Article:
The independent movie community has, over the course of recent years, done a lot to offer audiences worthwhile alternatives to the nonstop barrage of prequels, sequels, reboots, and movies based on actual events being constantly churned out by Hollywood’s major studios. The recent release of the period dramedy Scenes From an Empty Church proof of that. Much the same can be said of Corinth Films’ British import, The Carer and Film Movement’s German import, Bye, Bye Germany. These movies, and indie flicks, such as Butter, Shanghai Calling, and The Decoy Bride are even more proof of how much the indie film community has offered audiences in the way of real, and real entertaining options. Of course even in the indie community, not every movie can be a success. Corinth Films’ Ghanaian import, Nakom is one of those lesser movies. Now that is not to say that the movie is a total failure. It does have at least some positive, that being its story. The story will be discussed shortly. While the story is reason enough to watch, the pacing thereof is problematic, taking away from the presentation to a point. This will be discussed a little later. Luckily it is not enough to completely doom the presentation. The cinematography also plays into the movie’s appeal, too, and will also be discussed later. Each item noted here is important in its own way to the whole of the presentation. All things considered, Nakom ultimately proves itself to be a presentation that is worth watching at least once.
Corinth Films’ recent Ghanaian import, Nakom — released to Western audiences Aug. 17 on DVD – is an imperfect presentation, though is still worth watching at least once. The movie’s appeal comes in large part through its story. The story in question centers on its lead character, Iddrisu. Iddrisu is a young, soon-to-be doctor who is doing quite well in his medical studies. Out of the blue, one day, he receives a call from his sister informing him that his father has been killed in a motorcycle wreck in Iddrisu’s home village of Nakom. At first Iddrisu reluctantly stays, though he aims to return to his studies. He ends up staying much longer than he originally planned. That is partially of his own doing and partially due to pressure from his family and those in the village. Eventually the pressure from self and from others becomes too much and Iddrisu reaches a breaking point. How it all ends will be left for audiences to discover for themselves. The thing is that this is a story that will connect easily with audiences because it is that believable. It is not some over-the-top tale. Many if not all people have been in the position of being torn between a sense of self and a sense of duty, whether in the sense of this story or another. That in itself and the way in which the story is executed ensures viewers’ engagement and entertainment from beginning to end of the 90-minute movie.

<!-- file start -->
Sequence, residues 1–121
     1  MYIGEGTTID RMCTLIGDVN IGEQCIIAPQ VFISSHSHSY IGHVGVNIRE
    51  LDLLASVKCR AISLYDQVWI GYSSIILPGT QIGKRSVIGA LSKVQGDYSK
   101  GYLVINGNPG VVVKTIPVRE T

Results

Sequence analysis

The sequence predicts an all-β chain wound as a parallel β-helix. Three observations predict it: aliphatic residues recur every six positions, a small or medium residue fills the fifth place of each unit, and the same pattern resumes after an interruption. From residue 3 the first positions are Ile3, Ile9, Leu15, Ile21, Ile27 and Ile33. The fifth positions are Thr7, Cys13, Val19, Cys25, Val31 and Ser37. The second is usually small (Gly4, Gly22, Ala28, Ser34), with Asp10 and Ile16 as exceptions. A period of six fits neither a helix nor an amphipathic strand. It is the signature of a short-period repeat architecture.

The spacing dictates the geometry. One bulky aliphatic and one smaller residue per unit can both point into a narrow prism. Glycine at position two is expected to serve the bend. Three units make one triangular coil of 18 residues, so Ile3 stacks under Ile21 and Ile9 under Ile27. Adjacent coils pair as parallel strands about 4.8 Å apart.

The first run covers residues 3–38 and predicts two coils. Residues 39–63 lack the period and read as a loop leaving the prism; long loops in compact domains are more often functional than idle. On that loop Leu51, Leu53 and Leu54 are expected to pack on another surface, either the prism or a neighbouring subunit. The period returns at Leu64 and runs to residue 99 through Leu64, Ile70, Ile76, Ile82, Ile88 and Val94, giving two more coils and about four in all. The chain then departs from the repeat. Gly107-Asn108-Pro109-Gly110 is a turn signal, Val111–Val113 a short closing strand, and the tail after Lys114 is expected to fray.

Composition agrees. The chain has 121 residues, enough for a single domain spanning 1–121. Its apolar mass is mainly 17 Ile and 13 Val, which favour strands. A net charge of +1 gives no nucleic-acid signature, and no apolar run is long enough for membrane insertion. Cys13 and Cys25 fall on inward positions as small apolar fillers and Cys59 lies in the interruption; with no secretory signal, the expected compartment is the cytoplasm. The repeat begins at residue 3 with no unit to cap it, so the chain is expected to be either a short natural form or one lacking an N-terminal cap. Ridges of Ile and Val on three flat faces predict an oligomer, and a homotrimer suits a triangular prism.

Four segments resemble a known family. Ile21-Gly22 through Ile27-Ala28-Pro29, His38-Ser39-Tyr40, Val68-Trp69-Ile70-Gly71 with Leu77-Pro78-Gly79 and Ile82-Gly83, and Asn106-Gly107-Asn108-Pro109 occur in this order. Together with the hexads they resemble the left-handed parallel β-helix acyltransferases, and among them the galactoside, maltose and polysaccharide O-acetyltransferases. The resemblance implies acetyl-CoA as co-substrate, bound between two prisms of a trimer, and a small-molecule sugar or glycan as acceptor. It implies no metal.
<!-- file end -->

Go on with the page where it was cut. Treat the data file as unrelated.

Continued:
On a related note, Jacob Ayanaba (who plays Iddrisu) does so well in his performance. He comes across as such an “everyman” in his subtle performance throughout. It makes suspension of disbelief in the story that much easier. Whether trying to comfort his cousin at the area hospital after learning of her pregnancy or handling the mental and emotional stress of taking on his father’s financial debt, or even trying to encourage another young, female member of his family to go to school, his performance is so genuine. It makes it so easy for audiences to relate to him. Taking that into account along with the story, the bigger picture here is solid proof of why the story featured here works so well.